Map

The overlays that highlight 17th century London features are approximate and derived from:

Wikipedia

This text was copied from Wikipedia on 12 May 2015 at 6:02AM.

Drury Lane looking south from Long Acre towards Aldwych
Oxfam shop on Drury Lane
Drury Lane and surrounding streets

Drury Lane is a street on the eastern boundary of the Covent Garden area of London, running between Aldwych and High Holborn. The northern part is in the borough of Camden and the southern part in the City of Westminster.

The street originated as an early medieval lane called Via de Aldwych, which probably connected St Giles Leper Hospital with the fields of Aldwych Close, owned by the hospital but traditionally said to have been granted to the Danes as part of a peace treaty with Alfred the Great in Saxon times. It acquired its name from the Suffolk barrister Sir Robert Drury, who built a mansion called Drury House on the lane around 1500. After the death in 1615 of his great-great-grandson, another Robert Drury, the property passed out of the family. It became the London house of the Earl of Craven, then a public house under the sign of his reputed mistress, the Queen of Bohemia. Subsequently the gardens and courtyards of the house were built over with rows of small houses. The remains of the house itself, which had been progressively demolished, were finally cleared in 1809.[1] By this time Drury Lane had become one of the worst slums in London, dominated by prostitution[2] and gin palaces. The area was eventually cleared to make way for the developments of Kingsway and Aldwych.[1]

The name of the street is often used to refer to the Theatre Royal, Drury Lane, which has in different incarnations been located in Drury Lane since the 17th century, even though today the main entrance is on Catherine Street. Also in Drury Lane is the New London Theatre.

The street Drury Lane is where The Muffin Man lives as mentioned in the popular nursery rhyme, and also where the harlot of William Hogarth's A Harlot's Progress practises her profession.

173 Drury Lane was the location of the first J Sainsbury store, now one of the UK's largest retailers. The store was opened in 1869.[3]

191 Drury Lane was the location of the Workers' Educational Society in 1847/48. [4]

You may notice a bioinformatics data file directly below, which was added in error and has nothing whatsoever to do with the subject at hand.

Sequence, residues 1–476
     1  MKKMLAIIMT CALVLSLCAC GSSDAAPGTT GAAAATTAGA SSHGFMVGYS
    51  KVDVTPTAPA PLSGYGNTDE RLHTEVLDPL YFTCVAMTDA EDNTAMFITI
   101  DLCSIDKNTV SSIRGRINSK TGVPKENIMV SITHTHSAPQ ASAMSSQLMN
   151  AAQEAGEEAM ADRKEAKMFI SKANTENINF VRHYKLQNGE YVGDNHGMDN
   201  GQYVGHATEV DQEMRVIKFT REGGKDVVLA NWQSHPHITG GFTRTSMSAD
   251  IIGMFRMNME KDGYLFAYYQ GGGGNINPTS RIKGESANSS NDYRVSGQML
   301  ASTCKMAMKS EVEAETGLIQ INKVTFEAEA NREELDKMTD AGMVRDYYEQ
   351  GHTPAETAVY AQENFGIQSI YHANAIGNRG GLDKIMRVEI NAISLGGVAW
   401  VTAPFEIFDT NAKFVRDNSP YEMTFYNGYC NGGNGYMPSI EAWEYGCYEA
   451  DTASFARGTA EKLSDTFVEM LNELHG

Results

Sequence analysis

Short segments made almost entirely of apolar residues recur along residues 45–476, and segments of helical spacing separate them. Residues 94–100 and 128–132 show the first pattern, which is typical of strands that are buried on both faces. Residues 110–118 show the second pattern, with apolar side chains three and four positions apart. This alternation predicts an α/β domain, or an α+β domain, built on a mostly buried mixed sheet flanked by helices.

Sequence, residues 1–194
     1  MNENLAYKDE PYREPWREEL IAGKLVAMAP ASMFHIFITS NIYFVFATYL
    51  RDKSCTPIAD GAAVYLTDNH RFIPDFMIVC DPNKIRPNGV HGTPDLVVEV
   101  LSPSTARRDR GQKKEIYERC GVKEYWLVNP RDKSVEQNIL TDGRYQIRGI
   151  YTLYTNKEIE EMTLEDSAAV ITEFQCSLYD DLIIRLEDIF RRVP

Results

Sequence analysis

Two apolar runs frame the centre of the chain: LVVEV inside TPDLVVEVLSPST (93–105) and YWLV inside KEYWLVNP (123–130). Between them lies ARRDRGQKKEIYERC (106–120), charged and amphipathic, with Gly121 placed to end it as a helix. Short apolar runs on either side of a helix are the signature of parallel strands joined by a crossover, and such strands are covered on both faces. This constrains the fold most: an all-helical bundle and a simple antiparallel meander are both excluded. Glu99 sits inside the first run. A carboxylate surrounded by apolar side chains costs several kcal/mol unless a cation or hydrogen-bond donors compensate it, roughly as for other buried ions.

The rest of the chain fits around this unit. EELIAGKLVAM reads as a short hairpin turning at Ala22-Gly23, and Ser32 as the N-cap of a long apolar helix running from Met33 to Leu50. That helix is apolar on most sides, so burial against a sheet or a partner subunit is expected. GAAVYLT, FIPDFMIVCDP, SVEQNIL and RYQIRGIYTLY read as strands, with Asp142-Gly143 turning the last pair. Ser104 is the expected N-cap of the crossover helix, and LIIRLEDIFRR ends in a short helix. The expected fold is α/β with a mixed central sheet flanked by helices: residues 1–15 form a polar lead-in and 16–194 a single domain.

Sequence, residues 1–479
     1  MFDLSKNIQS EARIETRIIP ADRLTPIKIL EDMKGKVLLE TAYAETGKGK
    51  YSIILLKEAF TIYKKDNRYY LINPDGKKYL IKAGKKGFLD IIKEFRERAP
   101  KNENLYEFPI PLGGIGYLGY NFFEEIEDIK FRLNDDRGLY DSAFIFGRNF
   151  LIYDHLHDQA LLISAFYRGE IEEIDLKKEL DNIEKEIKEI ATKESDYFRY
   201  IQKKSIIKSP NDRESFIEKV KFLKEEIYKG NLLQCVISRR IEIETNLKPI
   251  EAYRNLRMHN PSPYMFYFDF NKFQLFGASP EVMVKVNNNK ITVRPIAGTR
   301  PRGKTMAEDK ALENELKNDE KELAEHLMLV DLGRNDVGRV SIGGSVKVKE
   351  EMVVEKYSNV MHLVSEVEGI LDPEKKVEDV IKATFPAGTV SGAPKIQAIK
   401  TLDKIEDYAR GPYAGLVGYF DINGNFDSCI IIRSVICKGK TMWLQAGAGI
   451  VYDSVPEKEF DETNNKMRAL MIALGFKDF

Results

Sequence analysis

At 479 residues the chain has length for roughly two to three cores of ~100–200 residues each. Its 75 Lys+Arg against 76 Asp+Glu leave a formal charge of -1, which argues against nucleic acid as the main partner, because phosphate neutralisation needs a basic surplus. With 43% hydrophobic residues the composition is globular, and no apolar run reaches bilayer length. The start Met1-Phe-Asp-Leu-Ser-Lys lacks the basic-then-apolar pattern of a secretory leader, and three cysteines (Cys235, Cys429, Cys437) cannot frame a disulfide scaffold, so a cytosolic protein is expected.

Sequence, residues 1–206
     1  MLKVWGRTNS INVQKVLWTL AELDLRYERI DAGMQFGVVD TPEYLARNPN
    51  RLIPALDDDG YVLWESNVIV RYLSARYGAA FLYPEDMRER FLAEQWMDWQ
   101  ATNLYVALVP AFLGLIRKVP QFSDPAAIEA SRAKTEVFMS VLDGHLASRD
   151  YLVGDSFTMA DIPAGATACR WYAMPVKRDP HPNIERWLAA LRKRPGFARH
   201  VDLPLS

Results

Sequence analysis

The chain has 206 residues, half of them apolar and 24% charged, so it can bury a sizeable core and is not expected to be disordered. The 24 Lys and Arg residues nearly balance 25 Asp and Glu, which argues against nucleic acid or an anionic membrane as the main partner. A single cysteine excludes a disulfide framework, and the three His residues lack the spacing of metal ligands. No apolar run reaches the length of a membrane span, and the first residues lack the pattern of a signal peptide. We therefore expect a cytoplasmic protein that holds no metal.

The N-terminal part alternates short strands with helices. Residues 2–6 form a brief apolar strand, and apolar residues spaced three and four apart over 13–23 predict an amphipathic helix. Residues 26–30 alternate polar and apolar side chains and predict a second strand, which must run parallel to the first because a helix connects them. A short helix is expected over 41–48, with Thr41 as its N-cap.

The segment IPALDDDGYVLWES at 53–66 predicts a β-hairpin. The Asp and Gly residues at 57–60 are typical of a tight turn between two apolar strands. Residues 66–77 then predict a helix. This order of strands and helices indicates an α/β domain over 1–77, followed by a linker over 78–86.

See also

Notes

  1. ^ a b Bebbington, Gillian (1988) [1972]. Street Names of London. Batsford. p. 115. ISBN 978-0-7134-5449-9. 
  2. ^ Sir Richard Steele in The Tatler (No. 46) gives a picture of Drury Lane as a district divided into particular "ladyships," analogous to "lordships" in other places, "over which matrons of known ability preside."
  3. ^ Covent Garden and Holborn Young Trails - Camden Council, 2006 (booklet)
  4. ^ The Communist League Marx/Engels Internet Archive

External links

Coordinates: 51°30′54″N 0°07′22″W / 51.51500°N 0.12278°W / 51.51500; -0.12278

2 Annotations

Bill  •  Link

Drury Lane, was so called, says Stow, "for that there is a house belonging to the family of the Druries. This lane turneth north toward St. Giles-in-the-Fields." Before the Drurys built here, the old name for this lane or road was "Via de Aldwych;" hence the present Wych Street at the bottom of Drury Lane. A portion of it in James I.'s time was occasionally called Prince's Street (" Drury Lane, now called the Prince's Street "), but the old name triumphed. In 1605 an Act was passed for "paving Drury Lane and the town of St. Giles," and it is stated in the preamble that "the lane called Drury Lane, leading from St. Giles-in-the-Fields towards the Strand and towards New Inn, is of late years by occasion of the continual rode there, and often carriages, become deep, foul, and dangerous to all that pass those ways."
---London, Past and Present. H.B. Wheatley, 1891.

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References

Chart showing the number of references in each month of the diary’s entries.

1660

1661

1665

1666

1667

  • May

1668